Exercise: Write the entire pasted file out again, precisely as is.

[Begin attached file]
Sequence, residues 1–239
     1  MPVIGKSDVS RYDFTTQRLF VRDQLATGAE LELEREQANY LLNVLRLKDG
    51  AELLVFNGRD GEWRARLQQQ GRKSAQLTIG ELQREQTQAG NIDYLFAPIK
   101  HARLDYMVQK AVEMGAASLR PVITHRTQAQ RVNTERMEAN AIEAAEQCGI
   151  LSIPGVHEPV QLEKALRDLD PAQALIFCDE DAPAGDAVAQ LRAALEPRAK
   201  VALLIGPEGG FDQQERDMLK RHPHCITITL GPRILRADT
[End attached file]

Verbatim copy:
Sequence, residues 1–239
     1  MPVIGKSDVS RYDFTTQRLF VRDQLATGAE LELEREQANY LLNVLRLKDG
    51  AELLVFNGRD GEWRARLQQQ GRKSAQLTIG ELQREQTQAG NIDYLFAPIK
   101  HARLDYMVQK AVEMGAASLR PVITHRTQAQ RVNTERMEAN AIEAAEQCGI
   151  LSIPGVHEPV QLEKALRDLD PAQALIFCDE DAPAGDAVAQ LRAALEPRAK
   201  VALLIGPEGG FDQQERDMLK RHPHCITITL GPRILRADT